Alumni Profile: Desiree Compton, B.A. Psychology '06

by Kathleen McCoy  |   

DesireeBe careful what you tell Desiree Compton what she can't do. She's likely to go ahead and do it better than anyone else has ever done it. That was her modus operandi as she worked her way through UAA to graduate with a B.A. in psychology in 2006. But to get to that point, she had to fight her way up from feeling like she was stuck forever at the bottom rung of society's ladder.

Life's circumstances had Compton living on her own and attending an alternative high school in Mat-Su at age 17. At 18 she unexpectedly became pregnant. While struggling with tough decisions about her future, a complete stranger in a Tesoro parking lot looked at the growing belly on her 4'11" petite frame and sneered, "You know you've ruined your life." At that moment, Compton felt like she had to agree with him. Her dreams, which included attending college, seemed completely out of reach.

After confiding her fears to a co-worker, he told her about his friend who was a single mom who studied hard and obtained a master's degree. Compton never met her, but felt inspired by the woman demonstrating it was possible to attend college while being a parent. Once again she had hope.

Compton enrolled in a local community college, and when her son was two years old, she married his father and immediately became pregnant with twin daughters. Compton persisted in her studies even when advised that her goals were too ambitious. She gave birth to healthy girls two weeks before finals and still made the chancellor's list. She returned to class a week after the birth since her husband was perfectly capable and content to tend to their children. However, some of her peers felt the need to express their disagreement with her choice. "You shouldn't be here," they told her. This was just the kind of statement that fired up Compton's burning will to succeed.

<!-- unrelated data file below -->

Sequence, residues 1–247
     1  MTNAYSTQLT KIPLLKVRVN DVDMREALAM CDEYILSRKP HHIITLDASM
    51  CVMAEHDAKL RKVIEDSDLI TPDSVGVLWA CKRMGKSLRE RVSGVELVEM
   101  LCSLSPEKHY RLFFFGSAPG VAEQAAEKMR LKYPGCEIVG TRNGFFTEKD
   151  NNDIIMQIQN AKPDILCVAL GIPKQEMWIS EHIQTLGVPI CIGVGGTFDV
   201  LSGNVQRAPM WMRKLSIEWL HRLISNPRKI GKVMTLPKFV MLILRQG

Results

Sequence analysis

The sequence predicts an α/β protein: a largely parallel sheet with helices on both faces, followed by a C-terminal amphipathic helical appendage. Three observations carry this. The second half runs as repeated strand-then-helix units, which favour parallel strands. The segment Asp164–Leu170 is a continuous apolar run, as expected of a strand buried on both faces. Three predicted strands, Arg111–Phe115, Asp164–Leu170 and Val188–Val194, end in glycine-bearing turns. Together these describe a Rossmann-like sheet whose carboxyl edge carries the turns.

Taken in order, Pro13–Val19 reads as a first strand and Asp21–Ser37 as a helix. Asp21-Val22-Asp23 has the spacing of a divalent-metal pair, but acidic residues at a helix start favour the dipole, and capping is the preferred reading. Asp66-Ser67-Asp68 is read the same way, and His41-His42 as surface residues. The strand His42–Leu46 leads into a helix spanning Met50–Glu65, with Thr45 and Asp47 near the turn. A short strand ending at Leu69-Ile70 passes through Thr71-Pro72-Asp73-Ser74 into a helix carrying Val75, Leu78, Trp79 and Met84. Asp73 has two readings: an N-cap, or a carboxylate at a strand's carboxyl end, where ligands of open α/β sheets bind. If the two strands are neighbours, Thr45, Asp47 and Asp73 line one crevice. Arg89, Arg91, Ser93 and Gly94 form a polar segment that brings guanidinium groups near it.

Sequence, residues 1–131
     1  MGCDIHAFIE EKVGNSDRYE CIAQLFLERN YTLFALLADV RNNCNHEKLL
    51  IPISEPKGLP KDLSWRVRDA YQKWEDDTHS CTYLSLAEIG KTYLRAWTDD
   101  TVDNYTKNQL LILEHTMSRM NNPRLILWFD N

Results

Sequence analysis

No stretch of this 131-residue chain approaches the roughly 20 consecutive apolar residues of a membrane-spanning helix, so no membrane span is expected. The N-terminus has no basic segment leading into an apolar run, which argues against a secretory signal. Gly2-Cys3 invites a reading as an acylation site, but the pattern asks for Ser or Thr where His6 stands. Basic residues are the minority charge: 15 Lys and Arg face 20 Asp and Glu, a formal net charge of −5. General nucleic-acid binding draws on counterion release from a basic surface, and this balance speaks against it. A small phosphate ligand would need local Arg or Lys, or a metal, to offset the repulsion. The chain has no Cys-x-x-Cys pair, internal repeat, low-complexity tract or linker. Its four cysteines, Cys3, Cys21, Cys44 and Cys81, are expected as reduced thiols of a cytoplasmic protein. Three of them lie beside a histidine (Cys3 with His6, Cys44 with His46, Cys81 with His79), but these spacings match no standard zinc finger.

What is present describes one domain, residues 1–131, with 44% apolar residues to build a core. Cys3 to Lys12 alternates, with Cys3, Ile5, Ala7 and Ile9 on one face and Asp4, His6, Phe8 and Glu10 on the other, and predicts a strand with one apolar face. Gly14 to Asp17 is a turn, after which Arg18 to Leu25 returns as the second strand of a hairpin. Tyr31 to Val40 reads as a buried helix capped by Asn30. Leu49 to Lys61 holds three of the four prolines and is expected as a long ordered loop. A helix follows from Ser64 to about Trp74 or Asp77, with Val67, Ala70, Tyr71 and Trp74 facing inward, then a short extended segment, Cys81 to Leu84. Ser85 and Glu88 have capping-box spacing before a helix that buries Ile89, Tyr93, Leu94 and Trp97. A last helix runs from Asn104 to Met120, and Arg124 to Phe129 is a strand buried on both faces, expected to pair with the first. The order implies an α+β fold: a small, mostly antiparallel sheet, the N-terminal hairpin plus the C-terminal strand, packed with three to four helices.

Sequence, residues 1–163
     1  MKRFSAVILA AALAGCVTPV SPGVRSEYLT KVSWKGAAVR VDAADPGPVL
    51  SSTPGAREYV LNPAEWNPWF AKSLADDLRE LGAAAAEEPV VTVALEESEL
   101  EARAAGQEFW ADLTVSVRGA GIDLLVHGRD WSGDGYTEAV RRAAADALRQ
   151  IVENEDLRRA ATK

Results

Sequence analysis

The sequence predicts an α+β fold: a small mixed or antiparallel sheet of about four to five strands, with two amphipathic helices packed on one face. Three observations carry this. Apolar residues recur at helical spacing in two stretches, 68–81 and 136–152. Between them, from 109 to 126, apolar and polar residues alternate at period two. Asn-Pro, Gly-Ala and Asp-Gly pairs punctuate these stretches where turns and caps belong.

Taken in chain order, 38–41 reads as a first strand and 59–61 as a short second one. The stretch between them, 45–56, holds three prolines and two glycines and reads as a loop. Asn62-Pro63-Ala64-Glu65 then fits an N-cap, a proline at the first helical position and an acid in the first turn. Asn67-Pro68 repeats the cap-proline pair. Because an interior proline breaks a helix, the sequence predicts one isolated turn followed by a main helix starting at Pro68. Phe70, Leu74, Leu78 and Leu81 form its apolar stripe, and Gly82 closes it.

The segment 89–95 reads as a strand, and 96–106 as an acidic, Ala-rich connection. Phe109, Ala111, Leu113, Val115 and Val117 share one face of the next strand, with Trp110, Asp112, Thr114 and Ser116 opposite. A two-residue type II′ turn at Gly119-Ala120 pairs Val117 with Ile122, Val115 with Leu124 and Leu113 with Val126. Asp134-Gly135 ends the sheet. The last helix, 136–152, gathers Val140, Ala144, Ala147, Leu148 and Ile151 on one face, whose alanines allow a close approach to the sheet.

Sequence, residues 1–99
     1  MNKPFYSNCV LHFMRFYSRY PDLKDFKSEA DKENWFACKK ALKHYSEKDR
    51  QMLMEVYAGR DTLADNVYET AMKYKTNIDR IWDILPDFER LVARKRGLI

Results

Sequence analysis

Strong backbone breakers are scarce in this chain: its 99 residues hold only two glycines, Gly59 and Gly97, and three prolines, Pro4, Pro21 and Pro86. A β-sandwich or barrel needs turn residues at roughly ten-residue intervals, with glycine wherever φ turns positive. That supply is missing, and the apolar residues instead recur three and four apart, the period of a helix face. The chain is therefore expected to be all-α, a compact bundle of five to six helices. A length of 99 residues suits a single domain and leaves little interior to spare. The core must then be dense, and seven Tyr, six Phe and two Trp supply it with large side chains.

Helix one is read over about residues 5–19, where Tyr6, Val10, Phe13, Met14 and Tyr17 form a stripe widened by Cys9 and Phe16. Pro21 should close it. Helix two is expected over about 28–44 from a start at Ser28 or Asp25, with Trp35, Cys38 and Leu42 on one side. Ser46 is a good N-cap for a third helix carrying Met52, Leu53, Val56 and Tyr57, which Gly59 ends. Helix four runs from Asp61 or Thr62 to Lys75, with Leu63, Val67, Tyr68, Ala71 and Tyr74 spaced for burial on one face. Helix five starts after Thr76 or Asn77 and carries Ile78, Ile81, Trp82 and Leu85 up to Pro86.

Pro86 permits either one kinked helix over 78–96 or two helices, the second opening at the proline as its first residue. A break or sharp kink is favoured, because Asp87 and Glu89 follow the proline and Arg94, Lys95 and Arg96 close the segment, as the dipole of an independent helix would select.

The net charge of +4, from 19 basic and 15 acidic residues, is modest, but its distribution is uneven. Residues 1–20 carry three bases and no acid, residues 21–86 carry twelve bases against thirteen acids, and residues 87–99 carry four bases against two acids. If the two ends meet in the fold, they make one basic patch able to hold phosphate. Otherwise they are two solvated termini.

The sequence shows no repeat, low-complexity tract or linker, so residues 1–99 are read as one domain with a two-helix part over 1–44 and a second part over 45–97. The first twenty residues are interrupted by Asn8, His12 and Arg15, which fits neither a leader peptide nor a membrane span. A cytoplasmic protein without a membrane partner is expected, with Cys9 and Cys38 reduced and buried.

She decided then to quit trying to conform to the norm. Compton says, "Far too often, societal expectations and stereotypical gender roles prevent us from pursuing a path that will truly make us happy. I am glad that I quit listening to everyone around me and learned to trust my instincts."

That confidence, along with encouraging professors like Drs. Markie Blumer and Eric Murphy, lead Compton to continue her education. She graduated in December 2009 with a Master of Science in Clinical Psychology. Her list of accomplishments include winning a cash prize and publication in the 2009 UAA Student Showcase Journal, two published movie reviews for the Journal of Feminist Family Therapy and she is one of the investigators on another collaborative project aimed at honoring feminist mentors for the same journal. That's four publications in one year.
"I feel like my whole life debunks stereotypes," says Compton.

Very excited to make a difference in the community, she decided to accept the position of Community Impact Director for United Way of Mat Su. She feels there is a lot of healing needed out there and that people need to be reminded to not listen to those who diminish their dreams. Compton is thrilled to have the opportunity to give back by helping others find their path to success, and to continue to debunk society's myths and stereotypes. 

Compton says, "The sky is the limit when you believe in yourself. Dream big and don't let those stereotypes determine who you are and where this life takes you!"

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